Granada

Situated at the foot of the Sierra Nevada mountains, with an interesting history, a beautiful old town, and a thriving local food scene, It has diverse neighbourhoods, cutting-edge street art, third-wave coffee, islamic arctitecure, arab tea houses and a local life full of energy. It is home to the magnificent Alhambra with its palaces and gardens. Also, it is home to a bar culture that still offers free tapas with your drinks, Welcome to Granada!

Alhambra in Granada

The top sight in Granada is rightfully the mighty Alhambra. Mostly everyone has heard of it, and it’s the main reason for most people to visit. Sadly, the Alhabra is often over-shadowing the other sights in Granada. There are several other places of interest as well. The local life is very active. Bars, cafes and restaurants are found everywhere and in general there is a good atmosphere in the city. Two nights in the city isn’t a lot. We managed to see everything we wanted in this time and, we started with the most important first.

Alhambra – a true masterpiece

Alhambra
Inside the Alhambra

Let’s start with the most important first. Purchase your ticket in advance, preferably more than 1 month before arrival. Unsucessfully we tried to purchase tickets from Alhambras official home page three weeks before arrival. Imagine the dissapointment and panic we felt when we realized it was sold out!

If it sells out you can buy a package from tour companies online that offer Alhambra tickets as a part of their program for different excursions. Tours like this can be quite expensive (read: overpriced). In most cases you’d have to be part of a group. In the end we bought the Granada Card which has entrance to Alhambra included. For this we had to pay €40, almost three times the price from the official site. But there are more sights included though.

Short about the history

In AD 899 a small fortress was constructed. This was the beginning of the palace and fort complex of Alhambra. Mohammed ben Al-Ahmar, the Nasrid Emir of the Emirate of Granada, renovated and rebuilt the ruins after they’ve been ignored for years. He also built the current palace and walls. Yusuf I, Sultan of Granada converted it to a royal palace in 1333. After the Christian Reconquista (reconquest) in 1492 it became the Royal Court of King Ferdinand and Queen Isabella.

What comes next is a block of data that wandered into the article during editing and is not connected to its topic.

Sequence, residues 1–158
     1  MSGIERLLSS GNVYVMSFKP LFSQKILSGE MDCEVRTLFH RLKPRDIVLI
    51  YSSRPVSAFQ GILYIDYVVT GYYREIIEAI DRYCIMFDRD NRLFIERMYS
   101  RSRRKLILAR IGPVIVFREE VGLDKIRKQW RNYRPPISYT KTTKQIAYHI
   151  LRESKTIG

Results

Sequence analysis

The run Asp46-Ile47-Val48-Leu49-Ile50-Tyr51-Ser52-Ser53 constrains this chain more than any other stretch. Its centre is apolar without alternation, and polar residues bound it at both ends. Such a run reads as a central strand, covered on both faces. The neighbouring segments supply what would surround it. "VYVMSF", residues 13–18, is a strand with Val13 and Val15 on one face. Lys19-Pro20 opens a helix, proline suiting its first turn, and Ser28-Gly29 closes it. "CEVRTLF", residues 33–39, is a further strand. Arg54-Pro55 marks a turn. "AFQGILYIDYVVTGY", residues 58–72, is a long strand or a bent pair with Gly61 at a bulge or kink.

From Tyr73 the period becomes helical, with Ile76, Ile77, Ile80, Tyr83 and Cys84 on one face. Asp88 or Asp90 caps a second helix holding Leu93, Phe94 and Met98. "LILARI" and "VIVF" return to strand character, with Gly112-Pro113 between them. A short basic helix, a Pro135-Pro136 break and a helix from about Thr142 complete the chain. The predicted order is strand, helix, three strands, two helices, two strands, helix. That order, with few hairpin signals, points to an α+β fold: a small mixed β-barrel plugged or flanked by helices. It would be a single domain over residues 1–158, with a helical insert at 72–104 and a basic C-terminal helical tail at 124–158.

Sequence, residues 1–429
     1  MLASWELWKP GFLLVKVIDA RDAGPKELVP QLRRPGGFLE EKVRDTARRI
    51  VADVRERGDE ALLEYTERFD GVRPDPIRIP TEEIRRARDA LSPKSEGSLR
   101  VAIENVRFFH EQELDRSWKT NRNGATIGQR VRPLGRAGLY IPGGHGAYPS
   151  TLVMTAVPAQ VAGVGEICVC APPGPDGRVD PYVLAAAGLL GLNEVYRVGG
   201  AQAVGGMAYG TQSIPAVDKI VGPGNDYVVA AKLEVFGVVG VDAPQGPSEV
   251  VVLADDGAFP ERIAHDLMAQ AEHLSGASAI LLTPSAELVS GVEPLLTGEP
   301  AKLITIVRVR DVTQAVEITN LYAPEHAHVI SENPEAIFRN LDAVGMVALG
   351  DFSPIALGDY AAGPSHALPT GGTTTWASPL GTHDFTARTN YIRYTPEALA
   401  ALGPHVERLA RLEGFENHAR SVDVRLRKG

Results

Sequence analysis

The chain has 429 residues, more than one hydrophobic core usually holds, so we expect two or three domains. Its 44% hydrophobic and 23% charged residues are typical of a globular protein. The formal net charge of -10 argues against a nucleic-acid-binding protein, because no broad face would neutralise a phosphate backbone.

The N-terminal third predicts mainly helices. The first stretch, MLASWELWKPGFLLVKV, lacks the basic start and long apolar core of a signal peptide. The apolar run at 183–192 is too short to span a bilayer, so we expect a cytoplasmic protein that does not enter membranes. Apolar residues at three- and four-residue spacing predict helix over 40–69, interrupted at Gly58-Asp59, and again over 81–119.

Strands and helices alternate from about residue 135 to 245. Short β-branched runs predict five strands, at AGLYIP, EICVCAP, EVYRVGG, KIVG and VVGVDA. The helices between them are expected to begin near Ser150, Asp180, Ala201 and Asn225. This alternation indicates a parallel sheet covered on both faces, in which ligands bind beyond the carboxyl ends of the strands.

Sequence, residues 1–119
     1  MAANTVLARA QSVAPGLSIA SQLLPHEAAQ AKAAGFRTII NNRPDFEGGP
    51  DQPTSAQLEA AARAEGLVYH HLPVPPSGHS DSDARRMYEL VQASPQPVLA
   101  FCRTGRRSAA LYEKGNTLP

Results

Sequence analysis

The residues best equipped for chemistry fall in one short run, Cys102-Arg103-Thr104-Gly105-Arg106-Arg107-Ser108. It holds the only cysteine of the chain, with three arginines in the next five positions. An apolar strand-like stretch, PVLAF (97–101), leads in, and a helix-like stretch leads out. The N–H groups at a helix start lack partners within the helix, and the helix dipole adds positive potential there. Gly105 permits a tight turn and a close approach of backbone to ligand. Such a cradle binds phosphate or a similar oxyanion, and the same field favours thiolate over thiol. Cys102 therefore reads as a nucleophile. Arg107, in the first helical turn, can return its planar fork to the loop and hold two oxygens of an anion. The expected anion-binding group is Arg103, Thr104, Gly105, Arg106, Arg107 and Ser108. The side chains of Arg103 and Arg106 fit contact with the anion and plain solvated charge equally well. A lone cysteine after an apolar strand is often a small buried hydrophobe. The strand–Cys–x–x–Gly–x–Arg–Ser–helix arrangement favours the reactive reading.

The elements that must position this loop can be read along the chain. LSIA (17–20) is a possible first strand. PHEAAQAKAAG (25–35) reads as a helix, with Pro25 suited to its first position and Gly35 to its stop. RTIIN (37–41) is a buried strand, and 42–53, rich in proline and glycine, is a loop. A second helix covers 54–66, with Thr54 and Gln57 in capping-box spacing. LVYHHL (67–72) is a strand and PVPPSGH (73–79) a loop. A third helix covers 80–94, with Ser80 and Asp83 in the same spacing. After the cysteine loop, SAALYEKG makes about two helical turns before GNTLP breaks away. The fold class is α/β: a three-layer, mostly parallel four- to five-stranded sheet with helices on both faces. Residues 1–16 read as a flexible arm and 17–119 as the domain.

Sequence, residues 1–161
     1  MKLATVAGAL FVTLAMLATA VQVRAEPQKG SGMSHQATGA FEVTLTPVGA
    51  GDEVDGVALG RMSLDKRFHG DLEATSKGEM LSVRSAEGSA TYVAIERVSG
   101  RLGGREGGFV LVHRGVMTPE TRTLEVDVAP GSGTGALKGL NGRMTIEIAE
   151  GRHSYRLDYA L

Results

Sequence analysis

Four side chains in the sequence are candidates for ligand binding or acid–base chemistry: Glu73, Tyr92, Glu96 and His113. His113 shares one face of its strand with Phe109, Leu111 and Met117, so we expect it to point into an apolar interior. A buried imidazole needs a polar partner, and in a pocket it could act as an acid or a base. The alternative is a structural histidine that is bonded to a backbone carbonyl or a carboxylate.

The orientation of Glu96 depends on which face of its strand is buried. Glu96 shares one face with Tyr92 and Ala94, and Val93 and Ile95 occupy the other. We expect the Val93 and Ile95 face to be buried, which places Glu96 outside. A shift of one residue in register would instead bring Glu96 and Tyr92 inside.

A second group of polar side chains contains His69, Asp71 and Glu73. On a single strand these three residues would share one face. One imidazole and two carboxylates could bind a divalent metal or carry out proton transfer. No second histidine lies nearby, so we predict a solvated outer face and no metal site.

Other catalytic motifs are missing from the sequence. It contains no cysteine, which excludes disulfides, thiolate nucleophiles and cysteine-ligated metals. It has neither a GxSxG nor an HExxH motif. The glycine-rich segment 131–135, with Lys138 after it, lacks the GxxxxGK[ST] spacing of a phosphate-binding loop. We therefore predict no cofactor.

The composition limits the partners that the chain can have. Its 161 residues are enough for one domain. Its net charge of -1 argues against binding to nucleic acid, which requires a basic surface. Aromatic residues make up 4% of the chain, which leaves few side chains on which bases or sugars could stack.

The Nasrid Palace

When purchasing your ticket you will have to choose the time you want to enter the main sights in Alhambra, the Palacios Nazaries (Nasrid Palaces). This is where the emirs had their official residence, and also the place for administrativ and public business. From the entrance through the Mexuar hall you follow a route through different rooms, chambers, halls and courtyards. You will see amazing architecture and interiors with tiles, stucco and wood carvings. It is easy to forget that you are in Spain and not in North Africa or the Middle East.

What more than the Nasrid Palaces?

Apart from the Nasrid Palaces there are several other halls, buildings, palaces and a churches to discover. In particular we liked the Palacio de Carlos V, an impressive Rennaissance palace with a circular courtyard. Furthermore we also liked the Alcazaba on the western end of the Alhambra. The walls and towers offers great views over Granada.

The other main highlight in Alhambra is Generalife. This was the summer palace and country estate of the Nasrid rulers. It contains of a palace, the Palacio de Generalife, and and amazing garden with pathways, fountains, patios, pools, trees and plants.

A visit to Alhambra will take some time. We would recommend at least three to four hours for your visit. Then you will have time to see all the main sights and to discover some hidden gems without rushing through. There are also guides available for hire. Count more time if you walk through with a guide. You can reach Alhambra by foot from the city centre. It’s a bit of a walk uphill but the views enroute makes it worth it. If you prefer public transport, bus C3 from Plaza Isabel II will take you to Alhambra. 

Albayzín – the old arab quarter

Arabic cafe
Teahouse in Albayzín

In a hill facing Alhambra is Granada’s old Muslim quarter, Albayzín. With narrow, cobblestone streets, hidden lanes, teahouses and great view points, this is certainly a place to explore in Granada.